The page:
“ ‘That’s where we put M.D.C. M.P.’s,’ ” Mr. Mwonzora said prison guards told him.
The menacing buildup to the voting seems like a replay of the violent, rigged elections that have plagued Zimbabwe over the past decade. But calls by ZANU-PF officials for the arrest of the M.D.C.’s leader, Prime Minister Morgan Tsvangirai, seem to have galvanized South Africa’s president, Jacob Zuma — the regional mediator in Zimbabwe’s political crisis — to demand a halt to political arrests and violence.
The efforts to goad Mr. Tsvangirai are many. The police have banned his rallies and arrested his drivers for using blue beacon lights without authorization. The state-controlled Sunday Mail newspaper published rumors that Mr. Tsvangirai, a widower, was sleeping around, accompanied by a photograph of him being hugged by someone the paper described as “that unidentified white woman.”
But Mr. Tsvangirai, who has survived arrests, a police beating, assassination attempts and a treason trial over the past decade, insists that he will not quit the government, no matter the provocation.
“They want to push you out so they can run the elections under their own conditions,” he said.
Already, ZANU-PF is cranking up the electoral machinery it used to decimate the M.D.C. and drive Mr. Tsvangirai out of the 2008 presidential runoff, according to officials in ZANU-PF and the security services, as well as human rights groups.
“That we can’t win a fair election is not a secret,” said a senior ZANU-PF official.
Speaking anonymously to discuss ZANU-PF’s confidential election strategy, the official confirmed that the party was engineering the arrests of M.D.C. lawmakers in hopes of driving them out of the government.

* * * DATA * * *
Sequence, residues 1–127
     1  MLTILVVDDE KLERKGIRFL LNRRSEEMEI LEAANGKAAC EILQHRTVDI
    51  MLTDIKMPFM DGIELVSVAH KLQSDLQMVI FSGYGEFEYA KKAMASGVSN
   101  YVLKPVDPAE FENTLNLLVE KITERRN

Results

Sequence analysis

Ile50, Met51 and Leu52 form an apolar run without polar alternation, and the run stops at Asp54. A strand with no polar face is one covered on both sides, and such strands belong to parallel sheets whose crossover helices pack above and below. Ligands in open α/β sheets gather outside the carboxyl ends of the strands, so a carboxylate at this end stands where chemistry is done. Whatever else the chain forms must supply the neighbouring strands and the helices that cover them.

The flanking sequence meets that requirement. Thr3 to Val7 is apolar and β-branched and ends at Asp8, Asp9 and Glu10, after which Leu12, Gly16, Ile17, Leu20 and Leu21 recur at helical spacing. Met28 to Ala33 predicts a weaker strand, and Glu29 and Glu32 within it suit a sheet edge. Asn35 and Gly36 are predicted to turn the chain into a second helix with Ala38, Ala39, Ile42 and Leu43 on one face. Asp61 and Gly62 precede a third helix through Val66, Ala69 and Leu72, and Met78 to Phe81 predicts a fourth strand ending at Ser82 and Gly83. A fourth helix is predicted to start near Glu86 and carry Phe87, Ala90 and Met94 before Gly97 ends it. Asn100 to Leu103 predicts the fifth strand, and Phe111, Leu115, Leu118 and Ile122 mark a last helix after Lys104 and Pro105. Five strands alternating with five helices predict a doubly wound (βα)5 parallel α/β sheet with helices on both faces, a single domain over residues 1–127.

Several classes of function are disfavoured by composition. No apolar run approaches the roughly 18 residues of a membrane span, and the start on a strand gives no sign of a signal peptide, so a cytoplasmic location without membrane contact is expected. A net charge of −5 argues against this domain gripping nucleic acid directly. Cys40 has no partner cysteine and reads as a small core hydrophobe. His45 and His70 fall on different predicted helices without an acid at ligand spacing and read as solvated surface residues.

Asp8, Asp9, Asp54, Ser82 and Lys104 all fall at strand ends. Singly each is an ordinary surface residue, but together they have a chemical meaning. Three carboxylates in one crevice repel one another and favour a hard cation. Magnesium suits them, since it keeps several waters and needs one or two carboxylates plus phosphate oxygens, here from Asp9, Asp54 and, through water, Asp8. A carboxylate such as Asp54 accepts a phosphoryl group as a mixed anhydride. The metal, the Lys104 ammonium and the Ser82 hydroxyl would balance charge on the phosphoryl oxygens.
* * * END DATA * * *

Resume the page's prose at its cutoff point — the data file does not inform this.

Further confirmation came from a senior army officer critical of the violence. He said Mr. Mugabe’s senior lieutenants decided months ago to deploy army officers, on paid leave, to manage the ZANU-PF youth militia and war veterans who assault and harass M.D.C. supporters in rural areas.
“What was curious is that most of the people who were appointed are the ones who ran the violent campaign in 2008,” the officer said.
Mr. Mugabe’s spokesman, George Charamba, rejected the claim, saying senior military leaders like Air Vice Marshal Henry Muchena of the Zimbabwe Air Force had resigned their positions to help run the election effort as a patriotic duty, not to orchestrate violence.
“The time has come to save the revolution again,” Mr. Charamba said.
Volunteers who track cases of intimidation and assault for the Zimbabwe Peace Project, a nonprofit group, have recently spotted army deployments in rural areas of many provinces, said the group’s leader, Jestina Mukoko.
“We seem to be revving up for an election,” she said.
Ms. Mukoko was abducted by intelligence agents on Dec. 3, 2008, after her organization documented the violence that stained that year’s election campaign. Two men took turns beating the soles of her feet with truncheons, she said.
Hilton Chironga, a ward-level M.D.C. organizer, is also continuing his political work, despite past attacks. Mr. Chironga recalled the morning of June 20, 2008, when a ZANU-PF mob surrounded the yard of his family’s homestead, shot him in the arm and leg and killed his brother Gibbs, a newly elected M.D.C. ward councilor.
An affidavit Mr. Chironga signed at the time listed 61 people he recognized in the mob, including two ZANU-PF members of Parliament. Not one has ever been arrested.
“We are still praying that sooner or later, we’ll get justice,” he said.